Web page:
Kong: Skull Island

If 2014’s Godzilla taught studios anything, it’s that monsters make money. That’s seems bananas, right? Like...incredibly bananas.

Kong: Skull Island is the 1st movie in 12 years (wow, 12 years? Really?) to tackle the greatest giant gorilla in all of fictional history. This movie serves as a prequel to Kong’s eventual brawl with the King of the Monsters in 2020’s Godzilla vs. King Kong. At its most basic, Kong: Skull Island follows a group of people who venture to this “mythical” island off the coast of the Pacific Ocean. Unfortunately for them, this island is anything but mythical, and now these people have to find their way out, while also being under the mercy of both the giant creatures that inhabited the island and the King of the Island, the iconic great ape Kong.

There’s surprising a lot to like in Kong. First, the actors were fairly decent in their roles, specifically the characters played by Tom Hiddleston, Brie Larson, and Samuel L. Jackson. Not only is it cool to see 3 members of the Marvel Cinematic Universe in one movie (Hiddleston plays Loki, Jackson plays Nick Fury and Larson will be playing Captain Marvel), but they all were functional in their roles. Hiddleston plays a fairly reluctant but awesome tracker who can apparently use any weapon that comes into his hands. Jackson was arguably one of the more invested characters in the film. He plays a disgruntled war veteran who wants to fight, and took the advantage of this expedition to finally blow something up. He does come across as a bit unbelievable, but Jackson makes him still fun. And, no surprise, King Kong was awesome every time he showed up on screen. Toby Kebbell is great at motion capture characters. He did it in remarkable fashion in Dawn of the Planet of the Apes, he did again in Warcraft, and he does it again here. Kong is massive. You see on the screen that he’s massive. And when we say “massive” we mean that Godzilla is gonna have his hands full. And every time Kong is on screen, wrecking helicopters and creatures alike, it’s pretty sweet. The action is exciting and crisp, all in the name of the King. And, more impressively, there are some great shots in the film. One of the best shots in the film is when the helicopters are flying into the sunset and then, Kong rises in front of them. The contrasting shadows on the sunset and Kong’s massive figure is just one of many impressive shots that overload this visually impressive film.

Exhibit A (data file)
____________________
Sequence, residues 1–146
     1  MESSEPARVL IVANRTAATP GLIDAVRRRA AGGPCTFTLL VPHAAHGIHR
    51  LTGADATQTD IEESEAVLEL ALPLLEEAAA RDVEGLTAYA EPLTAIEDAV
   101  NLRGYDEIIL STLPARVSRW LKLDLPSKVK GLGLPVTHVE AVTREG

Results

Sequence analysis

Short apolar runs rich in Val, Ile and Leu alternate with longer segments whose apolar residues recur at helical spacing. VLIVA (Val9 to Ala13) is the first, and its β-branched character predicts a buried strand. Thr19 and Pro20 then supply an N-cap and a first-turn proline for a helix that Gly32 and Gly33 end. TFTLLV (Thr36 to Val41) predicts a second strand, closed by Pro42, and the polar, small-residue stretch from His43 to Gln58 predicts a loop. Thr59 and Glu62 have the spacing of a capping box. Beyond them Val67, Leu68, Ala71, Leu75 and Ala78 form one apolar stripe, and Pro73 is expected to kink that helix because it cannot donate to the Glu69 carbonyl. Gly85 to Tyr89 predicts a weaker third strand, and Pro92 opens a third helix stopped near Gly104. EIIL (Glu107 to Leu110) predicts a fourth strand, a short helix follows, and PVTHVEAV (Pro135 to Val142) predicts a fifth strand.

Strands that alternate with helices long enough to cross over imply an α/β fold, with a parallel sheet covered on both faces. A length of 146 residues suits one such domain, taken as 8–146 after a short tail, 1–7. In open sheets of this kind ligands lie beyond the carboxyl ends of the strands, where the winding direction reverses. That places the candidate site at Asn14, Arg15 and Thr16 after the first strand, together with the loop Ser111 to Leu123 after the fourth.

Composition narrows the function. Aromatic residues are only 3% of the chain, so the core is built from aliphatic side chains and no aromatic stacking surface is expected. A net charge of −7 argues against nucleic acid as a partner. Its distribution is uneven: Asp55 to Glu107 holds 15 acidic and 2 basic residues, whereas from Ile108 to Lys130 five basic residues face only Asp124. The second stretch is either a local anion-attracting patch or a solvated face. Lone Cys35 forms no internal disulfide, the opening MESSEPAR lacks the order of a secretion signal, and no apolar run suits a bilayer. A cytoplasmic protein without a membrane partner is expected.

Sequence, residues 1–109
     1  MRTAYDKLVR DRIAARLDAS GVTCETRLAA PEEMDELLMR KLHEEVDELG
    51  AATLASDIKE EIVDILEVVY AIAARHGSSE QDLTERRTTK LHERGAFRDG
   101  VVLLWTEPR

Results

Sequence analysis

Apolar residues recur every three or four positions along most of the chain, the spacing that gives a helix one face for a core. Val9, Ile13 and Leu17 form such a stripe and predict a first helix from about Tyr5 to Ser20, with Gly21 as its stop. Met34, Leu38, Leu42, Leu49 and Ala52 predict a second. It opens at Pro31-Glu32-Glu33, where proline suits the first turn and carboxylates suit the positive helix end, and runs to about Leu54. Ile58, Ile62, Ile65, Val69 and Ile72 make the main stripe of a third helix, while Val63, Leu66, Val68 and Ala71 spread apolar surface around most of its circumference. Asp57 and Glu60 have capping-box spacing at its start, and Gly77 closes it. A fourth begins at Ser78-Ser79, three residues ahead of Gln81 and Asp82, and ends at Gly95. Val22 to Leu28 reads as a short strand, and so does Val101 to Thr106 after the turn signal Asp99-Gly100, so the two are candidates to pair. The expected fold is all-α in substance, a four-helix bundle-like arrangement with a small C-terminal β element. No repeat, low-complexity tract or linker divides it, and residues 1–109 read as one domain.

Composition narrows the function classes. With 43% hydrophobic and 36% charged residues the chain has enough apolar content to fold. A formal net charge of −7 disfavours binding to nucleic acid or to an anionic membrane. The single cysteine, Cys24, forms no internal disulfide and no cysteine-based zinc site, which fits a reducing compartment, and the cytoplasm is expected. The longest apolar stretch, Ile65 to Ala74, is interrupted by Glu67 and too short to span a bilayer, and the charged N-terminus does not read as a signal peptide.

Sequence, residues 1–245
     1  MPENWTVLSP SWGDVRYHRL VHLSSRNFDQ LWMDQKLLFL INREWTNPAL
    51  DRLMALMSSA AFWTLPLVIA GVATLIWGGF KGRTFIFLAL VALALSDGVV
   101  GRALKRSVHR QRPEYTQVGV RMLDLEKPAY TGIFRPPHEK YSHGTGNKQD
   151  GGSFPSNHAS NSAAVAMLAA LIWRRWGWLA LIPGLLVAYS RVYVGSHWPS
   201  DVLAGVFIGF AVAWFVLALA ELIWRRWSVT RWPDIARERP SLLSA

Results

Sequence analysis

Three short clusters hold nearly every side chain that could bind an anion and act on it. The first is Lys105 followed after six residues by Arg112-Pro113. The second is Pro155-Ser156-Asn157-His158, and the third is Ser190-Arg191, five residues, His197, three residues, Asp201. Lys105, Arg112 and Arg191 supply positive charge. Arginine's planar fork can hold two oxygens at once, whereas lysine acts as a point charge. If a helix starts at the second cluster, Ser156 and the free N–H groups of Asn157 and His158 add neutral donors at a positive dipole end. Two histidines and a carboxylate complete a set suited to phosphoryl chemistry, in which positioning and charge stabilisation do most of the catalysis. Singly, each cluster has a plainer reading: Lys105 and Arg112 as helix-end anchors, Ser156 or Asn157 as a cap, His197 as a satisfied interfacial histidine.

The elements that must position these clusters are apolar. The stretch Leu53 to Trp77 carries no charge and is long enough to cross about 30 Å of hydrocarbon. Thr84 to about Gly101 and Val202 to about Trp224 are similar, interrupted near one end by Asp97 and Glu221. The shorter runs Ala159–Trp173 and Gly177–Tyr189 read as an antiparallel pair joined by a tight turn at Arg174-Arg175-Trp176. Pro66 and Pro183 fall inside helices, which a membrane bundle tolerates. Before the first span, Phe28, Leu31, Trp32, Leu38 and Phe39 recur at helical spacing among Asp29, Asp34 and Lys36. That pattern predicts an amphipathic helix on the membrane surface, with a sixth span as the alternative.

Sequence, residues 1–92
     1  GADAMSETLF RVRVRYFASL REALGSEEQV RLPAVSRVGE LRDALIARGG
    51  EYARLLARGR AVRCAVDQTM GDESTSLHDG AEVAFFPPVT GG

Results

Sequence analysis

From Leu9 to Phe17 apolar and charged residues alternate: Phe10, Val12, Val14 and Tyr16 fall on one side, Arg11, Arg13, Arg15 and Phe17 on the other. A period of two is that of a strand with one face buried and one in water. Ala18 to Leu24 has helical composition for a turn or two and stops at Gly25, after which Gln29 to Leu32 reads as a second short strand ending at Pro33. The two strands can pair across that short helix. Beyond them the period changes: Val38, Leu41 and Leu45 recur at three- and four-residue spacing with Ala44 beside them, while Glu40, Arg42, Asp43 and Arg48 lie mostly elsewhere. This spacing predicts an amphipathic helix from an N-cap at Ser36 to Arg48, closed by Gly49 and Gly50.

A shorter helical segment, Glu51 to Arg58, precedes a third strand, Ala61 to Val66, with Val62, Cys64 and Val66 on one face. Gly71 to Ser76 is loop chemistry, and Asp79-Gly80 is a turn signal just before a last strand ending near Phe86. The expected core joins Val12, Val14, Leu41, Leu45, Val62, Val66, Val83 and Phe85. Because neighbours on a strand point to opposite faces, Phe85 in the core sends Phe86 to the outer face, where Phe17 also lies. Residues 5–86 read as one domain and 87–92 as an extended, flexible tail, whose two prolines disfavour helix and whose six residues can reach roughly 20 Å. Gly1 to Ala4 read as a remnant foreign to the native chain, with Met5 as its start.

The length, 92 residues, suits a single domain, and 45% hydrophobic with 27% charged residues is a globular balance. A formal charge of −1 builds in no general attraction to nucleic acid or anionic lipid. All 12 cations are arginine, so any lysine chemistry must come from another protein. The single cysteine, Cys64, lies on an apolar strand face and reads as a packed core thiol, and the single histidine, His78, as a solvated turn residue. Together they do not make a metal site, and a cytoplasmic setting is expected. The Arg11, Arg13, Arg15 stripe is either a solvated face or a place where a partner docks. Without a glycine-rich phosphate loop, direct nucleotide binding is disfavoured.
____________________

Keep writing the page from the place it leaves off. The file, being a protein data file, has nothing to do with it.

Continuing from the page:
Unfortunately, for Kong: Skull Island, things begin to fall apart when the characters start talking. Except for John C. Reilly, who’s brilliant in everything he does in the film, the film’s hokey acting and terrible dialogue (“is that a monkey?”) really destroys the film. Even worse, the pacing issues wrecked the film. Yes, Kong comes out fairly quickly in the film, but then he comes out here and there, having small moments in the film. However, following those scenes were long, drawn out scenes with the humans talking and interacting. These scenes slow the film to a grinding halt, and even with the King of Skull Island thrown in to spice up the film, the film never really goes back to the fast-paced start of the film. The final act of the film seemed to be rushed very quickly, and with a fairly pretty sweet battle at the very end. It doesn’t make slogging through the more than hour long fest of poor dialogue and cardboard bland acting worth it, but it’s still fun. And on the subject of the end, it just…happens. There really isn’t a triumphant moment to say that the movie should and has ended. It just happens. Obviously, but spoilers, they leave and we get another good shot of the King of Apes, but then…that’s it.

Even with its negatives, Kong: Skull Island is still an extremely fun and entertaining film. Director Jordan Vogt-Roberts delivered a visually stunning romp with some great action and campy dialogue. It’s a great film to go see at the theaters, especially with the prospect of the King Kong going toe-to-toe with Godzilla coming on the horizon. If the idea of the King of Apes throwing down with the King of the Monsters warms your soul, go see this. We may not get a decent film in the name of the King like this again.






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